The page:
When a user deletes a file, they want it to disappear as quickly and conveniently as possible, so pressing delete or dragging it to a wastepaper basket makes sense. But for the computer, which will have scattered parts of the data all over the hard drive, it is more efficient to delete just the information about that file, rather than the file itself. The file stays there, but the operating system – and the user – cannot see it.

It suspect it was an accidental expert deletion. Things like this happen in other walks of life all the time. Highly trained experts, somehow operating in accordance with established procedure, do the craziest things. For instance, there was this one military surgeon dude who once accidentally performed a successful operation on the ingrowing toenail of a patient who had been taken to the hospital with a gunshot wound to the chest.

Baiting For The Man

John Harris has a silly piece in today’s Guardian, in defence of major labels:

Any half-decent record collection bulges with logos symbolising commercial clout and recurrent musical brilliance: CBS, Parlophone, Reprise, Elektra, Atlantic, Geffen. It’s instructive to remember that despite the conveyor-belt cynicism that defines the world of The X Factor, the best labels still take punts on the basis of taste and belief; no one, I’d wager, signed such recent sensations as Kasabian or Klaxons with an eye on the balance sheet.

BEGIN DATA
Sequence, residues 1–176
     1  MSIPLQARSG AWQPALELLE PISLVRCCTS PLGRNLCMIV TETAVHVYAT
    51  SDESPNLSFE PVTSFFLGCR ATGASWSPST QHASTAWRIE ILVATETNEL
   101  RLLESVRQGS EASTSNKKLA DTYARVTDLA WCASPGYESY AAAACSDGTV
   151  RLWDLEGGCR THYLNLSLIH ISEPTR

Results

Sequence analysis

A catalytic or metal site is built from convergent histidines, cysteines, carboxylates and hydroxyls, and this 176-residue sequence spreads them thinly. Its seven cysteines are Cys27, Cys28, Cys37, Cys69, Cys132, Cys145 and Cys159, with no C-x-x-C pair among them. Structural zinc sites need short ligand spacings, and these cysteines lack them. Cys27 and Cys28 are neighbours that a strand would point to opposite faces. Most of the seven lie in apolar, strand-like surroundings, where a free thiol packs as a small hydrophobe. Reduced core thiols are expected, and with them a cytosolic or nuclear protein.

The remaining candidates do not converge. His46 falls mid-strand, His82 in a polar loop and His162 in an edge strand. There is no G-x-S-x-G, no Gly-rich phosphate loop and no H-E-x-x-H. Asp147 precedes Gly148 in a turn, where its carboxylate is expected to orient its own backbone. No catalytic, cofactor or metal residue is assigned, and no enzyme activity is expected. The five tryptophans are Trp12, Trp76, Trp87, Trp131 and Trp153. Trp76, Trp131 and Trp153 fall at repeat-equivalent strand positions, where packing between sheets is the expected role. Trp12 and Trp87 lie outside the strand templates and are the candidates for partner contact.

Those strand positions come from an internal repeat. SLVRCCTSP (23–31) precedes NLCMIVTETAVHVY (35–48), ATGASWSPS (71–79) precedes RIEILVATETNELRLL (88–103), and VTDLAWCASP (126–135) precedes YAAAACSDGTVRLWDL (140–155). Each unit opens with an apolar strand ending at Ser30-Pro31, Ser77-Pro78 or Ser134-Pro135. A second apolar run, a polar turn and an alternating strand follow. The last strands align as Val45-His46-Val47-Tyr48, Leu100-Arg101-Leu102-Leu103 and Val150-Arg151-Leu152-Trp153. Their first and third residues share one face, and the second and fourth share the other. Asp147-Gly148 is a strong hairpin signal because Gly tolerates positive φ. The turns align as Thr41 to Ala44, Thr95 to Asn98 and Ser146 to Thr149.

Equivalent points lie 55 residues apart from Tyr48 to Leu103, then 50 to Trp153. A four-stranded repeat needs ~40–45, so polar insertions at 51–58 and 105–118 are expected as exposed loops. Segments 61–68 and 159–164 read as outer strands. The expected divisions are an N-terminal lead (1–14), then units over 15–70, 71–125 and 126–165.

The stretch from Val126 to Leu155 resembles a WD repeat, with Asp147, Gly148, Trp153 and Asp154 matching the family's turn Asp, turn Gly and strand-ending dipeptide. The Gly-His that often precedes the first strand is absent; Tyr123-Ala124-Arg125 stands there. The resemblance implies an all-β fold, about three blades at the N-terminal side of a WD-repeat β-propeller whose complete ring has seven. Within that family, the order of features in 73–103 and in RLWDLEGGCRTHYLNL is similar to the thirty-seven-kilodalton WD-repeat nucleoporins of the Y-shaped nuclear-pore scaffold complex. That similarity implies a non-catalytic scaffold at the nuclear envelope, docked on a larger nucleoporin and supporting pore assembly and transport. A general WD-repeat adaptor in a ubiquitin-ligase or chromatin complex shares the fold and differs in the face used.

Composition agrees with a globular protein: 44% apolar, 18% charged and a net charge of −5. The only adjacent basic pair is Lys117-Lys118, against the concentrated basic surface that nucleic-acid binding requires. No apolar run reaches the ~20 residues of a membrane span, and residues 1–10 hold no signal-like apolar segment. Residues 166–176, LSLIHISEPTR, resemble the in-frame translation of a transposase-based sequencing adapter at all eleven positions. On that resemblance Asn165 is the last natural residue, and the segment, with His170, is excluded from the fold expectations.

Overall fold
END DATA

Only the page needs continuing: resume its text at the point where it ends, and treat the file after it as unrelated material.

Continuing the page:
He must think that popular capitalist wisdom such as ‘you’ve got to speculate to accumulate’ does not apply to those working in the record industry. If labels ‘take punts’ based on taste and belief, it’s partly because they think their taste and belief will lead to a hit record. And, I’ll wager, their ‘taste and belief’ is largely a function of the amount of capital they have at their disposal.

It’s worth pointing out, though, that the strategic vision of a record label need not entail making every record a hit (was it Adorno who talked about how military language gets instrumentalised by the culture industry in order to better ‘target’ the public?). That would be ludicrous. Indeed the function of a record label may not be to sell vast quantities of records at all, but to fulfil a strategic objective of the corporation of which it is a subsidiary. Granted, a by-product of this may be the odd listenable record. But it seems slavish to write paeans to The Man on this basis.